Kate Osamor isn’t a threat to press freedom – her party is

It is Labour that wants to beat the press into submission.

George Harrison

Topics Free Speech Politics UK

We can only imagine how frosty the dinner table must have been at the Osamor household over the weekend.

On Saturday, Labour MP Kate Osamor resigned from her position as shadow international development secretary after she was accused of misleading the public over the case of her son Ishmael, a convicted drug-dealer employed by her parliamentary office.

Labour Party officials had previously claimed that Osamor was unaware of her son’s drug charges until he was sentenced in October, but reports emerged at the weekend suggesting she must have known after all, since she had submitted a character reference to the judge in time for her son’s trial.

When a reporter from The Times knocked on Osamor’s door to give her a chance to respond to these allegations, the disgraced MP clearly wasn’t in the festive spirit. The paper claims she told the reporter that she ‘should have come down here with a bat and smashed your face in’, before emptying a bucket of water over him.

Predictably, the National Union of Journalists wasn’t happy about this, and issued a slightly over-the-top statement suggesting that Osamor’s response to being doorstepped represented a broader threat to press freedom. According to general secretary Michelle Stanistreet, ‘There is a disturbing and febrile international climate at the moment that is facilitating and legitimising the notion that it is open season on journalists’.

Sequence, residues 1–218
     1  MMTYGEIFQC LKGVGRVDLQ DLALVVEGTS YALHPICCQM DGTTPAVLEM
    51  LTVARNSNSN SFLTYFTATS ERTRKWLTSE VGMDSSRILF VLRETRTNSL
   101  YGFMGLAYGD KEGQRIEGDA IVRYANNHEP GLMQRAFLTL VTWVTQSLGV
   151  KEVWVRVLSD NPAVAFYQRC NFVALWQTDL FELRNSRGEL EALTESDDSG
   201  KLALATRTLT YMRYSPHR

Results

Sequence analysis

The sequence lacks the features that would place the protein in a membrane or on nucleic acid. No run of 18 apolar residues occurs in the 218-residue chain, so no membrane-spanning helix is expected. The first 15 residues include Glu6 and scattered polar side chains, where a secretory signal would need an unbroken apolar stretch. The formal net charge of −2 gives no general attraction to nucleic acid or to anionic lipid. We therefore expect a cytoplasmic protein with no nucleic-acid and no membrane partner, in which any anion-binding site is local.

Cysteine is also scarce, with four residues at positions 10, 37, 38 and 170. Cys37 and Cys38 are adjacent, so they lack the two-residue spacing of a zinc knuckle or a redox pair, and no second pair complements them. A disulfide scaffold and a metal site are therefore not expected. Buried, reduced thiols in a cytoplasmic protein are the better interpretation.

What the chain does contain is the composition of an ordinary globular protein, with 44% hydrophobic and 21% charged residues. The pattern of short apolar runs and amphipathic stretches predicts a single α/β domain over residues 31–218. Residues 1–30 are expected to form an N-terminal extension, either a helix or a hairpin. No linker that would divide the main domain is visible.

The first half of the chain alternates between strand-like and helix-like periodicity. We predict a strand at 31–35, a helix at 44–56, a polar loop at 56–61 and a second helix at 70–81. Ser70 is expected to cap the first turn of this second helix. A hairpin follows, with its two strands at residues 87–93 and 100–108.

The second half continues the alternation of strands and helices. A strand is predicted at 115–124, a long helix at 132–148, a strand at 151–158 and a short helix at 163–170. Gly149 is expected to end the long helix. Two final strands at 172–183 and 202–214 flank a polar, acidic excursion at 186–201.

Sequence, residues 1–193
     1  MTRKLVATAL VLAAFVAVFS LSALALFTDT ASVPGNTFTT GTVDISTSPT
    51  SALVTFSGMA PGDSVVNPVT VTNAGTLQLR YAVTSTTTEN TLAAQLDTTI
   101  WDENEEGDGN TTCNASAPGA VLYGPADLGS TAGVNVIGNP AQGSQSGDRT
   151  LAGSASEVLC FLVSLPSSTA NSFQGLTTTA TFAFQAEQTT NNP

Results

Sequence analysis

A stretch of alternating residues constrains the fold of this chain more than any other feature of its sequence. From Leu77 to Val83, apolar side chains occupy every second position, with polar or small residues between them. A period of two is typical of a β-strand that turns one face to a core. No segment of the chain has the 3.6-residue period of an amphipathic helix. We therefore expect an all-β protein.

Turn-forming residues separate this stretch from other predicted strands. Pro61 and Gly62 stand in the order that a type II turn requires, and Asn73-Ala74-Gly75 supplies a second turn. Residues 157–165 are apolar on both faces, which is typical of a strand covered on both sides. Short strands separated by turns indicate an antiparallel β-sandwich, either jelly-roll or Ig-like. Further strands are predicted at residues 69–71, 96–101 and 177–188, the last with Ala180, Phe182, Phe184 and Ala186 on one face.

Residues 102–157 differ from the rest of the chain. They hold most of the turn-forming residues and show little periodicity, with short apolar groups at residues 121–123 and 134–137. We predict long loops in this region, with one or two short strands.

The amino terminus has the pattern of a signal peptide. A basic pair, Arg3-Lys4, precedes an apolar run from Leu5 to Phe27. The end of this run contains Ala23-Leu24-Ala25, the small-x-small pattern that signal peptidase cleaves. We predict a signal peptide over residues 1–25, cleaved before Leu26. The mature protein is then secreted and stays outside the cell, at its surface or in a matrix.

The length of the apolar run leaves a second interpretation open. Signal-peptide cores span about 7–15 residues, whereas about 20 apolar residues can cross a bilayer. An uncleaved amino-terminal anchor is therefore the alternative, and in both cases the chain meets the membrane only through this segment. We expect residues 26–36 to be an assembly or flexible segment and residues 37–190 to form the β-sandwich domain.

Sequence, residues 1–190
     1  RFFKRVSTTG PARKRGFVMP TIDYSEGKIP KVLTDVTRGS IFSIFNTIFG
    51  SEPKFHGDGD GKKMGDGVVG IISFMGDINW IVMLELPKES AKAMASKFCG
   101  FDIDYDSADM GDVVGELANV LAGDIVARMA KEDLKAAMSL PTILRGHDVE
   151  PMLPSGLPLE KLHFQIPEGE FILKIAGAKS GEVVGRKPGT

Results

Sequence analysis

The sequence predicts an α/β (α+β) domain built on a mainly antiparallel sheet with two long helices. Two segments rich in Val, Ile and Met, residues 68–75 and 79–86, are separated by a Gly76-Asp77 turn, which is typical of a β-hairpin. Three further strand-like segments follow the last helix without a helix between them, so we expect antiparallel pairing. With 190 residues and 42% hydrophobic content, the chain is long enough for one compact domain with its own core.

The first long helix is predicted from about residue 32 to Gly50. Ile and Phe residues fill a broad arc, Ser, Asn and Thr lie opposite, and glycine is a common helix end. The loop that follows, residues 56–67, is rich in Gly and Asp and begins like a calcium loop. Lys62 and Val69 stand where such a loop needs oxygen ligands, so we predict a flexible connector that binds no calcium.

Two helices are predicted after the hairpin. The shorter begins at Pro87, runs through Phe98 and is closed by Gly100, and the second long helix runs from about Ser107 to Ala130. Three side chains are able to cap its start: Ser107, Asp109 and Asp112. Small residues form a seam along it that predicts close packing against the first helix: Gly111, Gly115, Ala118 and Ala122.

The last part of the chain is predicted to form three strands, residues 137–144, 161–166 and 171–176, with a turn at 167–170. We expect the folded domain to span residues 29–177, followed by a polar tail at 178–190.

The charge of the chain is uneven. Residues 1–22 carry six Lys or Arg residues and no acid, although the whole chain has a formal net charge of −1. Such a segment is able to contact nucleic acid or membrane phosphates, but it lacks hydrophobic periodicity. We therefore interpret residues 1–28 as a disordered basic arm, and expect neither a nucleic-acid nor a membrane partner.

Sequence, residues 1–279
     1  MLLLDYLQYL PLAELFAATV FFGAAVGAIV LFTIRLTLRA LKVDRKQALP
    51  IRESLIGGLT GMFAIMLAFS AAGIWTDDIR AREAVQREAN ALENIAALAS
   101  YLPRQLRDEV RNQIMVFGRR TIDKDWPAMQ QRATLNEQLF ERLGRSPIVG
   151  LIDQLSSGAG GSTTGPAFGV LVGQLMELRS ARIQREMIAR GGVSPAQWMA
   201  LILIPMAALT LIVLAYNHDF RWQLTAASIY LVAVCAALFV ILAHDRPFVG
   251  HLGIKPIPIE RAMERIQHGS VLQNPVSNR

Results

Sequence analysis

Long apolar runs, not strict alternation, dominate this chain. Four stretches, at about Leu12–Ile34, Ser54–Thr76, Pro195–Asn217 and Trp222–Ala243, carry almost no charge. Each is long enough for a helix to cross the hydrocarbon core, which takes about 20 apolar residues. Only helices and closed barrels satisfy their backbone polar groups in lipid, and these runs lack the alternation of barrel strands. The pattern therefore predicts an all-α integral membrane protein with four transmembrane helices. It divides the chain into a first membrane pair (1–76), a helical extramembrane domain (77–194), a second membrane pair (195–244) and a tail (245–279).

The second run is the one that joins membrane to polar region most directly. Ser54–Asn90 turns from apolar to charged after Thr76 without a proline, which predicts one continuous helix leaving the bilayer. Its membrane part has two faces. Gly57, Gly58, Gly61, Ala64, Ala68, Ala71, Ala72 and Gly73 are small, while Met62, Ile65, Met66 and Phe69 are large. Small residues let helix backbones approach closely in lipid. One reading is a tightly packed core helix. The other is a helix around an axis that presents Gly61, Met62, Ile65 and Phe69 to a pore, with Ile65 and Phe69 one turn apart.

While it’s true that press freedom is under attack, it is far-fetched to suggest that Osamor’s moronic outburst has anything to do with it. There may have been water, but Watergate it wasn’t.

Instead, it is Osamor’s party which poses the real danger to the press in Britain. Fuelled by fear of the tabloids and their readers, Labour wants to force all newspapers to sign up to Impress – Britain’s first state-backed press regulator since Crown licencing of the printing press was abolished over 300 years ago.

Under Labour plans, any publication which doesn’t ‘voluntarily’ sign up to be regulated would be forced to pay both side’s legal fees any time they are sued – even if they win the case.

Not only would this draconian law likely bankrupt many local papers, which would be unable to withstand even one malicious lawsuit – it would also empower the rich and powerful to punish any publisher holding them to account.

There is no point wasting energy on one angry Labour MP when there are hundreds of them in the House of Commons, all threatening to beat reporters into submission, albeit through legislation rather than with bats. And rather than worry about Osamor sloshing water on one journalist, we should be terrified by Labour’s attempts to drown publishers in legal fees.

While press freedom is robust enough to withstand an idiotic outburst from one Labour MP, there are grounds for serious concern when Kate Osamor’s entire party is coming out swinging for the redtops.

George Harrison is a writer. He tweets at @George_Haz

Picture by: Getty.

To enquire about republishing spiked’s content, a right to reply or to request a correction, please contact the managing editor, Viv Regan.

Topics Free Speech Politics UK


Want to join the conversation?

Only spiked supporters and patrons, who donate regularly to us, can comment on our articles.

Join today